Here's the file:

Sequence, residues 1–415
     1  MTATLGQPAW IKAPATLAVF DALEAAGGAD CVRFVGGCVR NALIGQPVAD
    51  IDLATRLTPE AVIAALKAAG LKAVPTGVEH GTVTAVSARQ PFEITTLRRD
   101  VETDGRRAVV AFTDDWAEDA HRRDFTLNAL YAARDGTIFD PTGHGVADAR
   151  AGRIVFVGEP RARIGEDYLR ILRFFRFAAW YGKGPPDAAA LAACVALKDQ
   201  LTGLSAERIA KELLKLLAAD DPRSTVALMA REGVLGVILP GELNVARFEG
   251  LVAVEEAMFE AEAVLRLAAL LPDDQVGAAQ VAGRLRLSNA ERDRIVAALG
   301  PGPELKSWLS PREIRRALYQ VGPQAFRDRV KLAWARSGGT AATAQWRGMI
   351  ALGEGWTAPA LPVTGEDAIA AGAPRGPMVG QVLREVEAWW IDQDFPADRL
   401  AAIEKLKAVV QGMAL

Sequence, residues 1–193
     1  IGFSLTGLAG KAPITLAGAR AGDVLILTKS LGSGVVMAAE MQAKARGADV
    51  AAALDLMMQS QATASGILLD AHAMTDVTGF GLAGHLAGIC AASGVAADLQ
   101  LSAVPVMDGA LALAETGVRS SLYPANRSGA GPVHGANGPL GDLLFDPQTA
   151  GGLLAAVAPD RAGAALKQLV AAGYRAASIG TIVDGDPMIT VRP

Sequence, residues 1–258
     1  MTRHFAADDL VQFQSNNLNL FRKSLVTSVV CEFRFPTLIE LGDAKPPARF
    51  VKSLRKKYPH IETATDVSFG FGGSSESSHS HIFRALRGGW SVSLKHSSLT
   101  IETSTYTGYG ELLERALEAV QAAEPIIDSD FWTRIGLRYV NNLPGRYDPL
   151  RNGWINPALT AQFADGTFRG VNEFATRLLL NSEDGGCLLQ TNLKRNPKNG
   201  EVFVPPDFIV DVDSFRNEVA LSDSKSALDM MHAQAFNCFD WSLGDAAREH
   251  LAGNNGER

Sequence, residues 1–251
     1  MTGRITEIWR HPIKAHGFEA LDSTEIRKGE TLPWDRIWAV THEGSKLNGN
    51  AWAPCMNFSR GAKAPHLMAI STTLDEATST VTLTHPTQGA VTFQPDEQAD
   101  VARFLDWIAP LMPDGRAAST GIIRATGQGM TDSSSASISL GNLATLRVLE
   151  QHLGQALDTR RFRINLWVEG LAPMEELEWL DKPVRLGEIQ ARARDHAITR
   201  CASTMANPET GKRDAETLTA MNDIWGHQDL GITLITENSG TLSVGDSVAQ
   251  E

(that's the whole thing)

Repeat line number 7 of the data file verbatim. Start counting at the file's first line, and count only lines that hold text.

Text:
   251  LVAVEEAMFE AEAVLRLAAL LPDDQVGAAQ VAGRLRLSNA ERDRIVAALG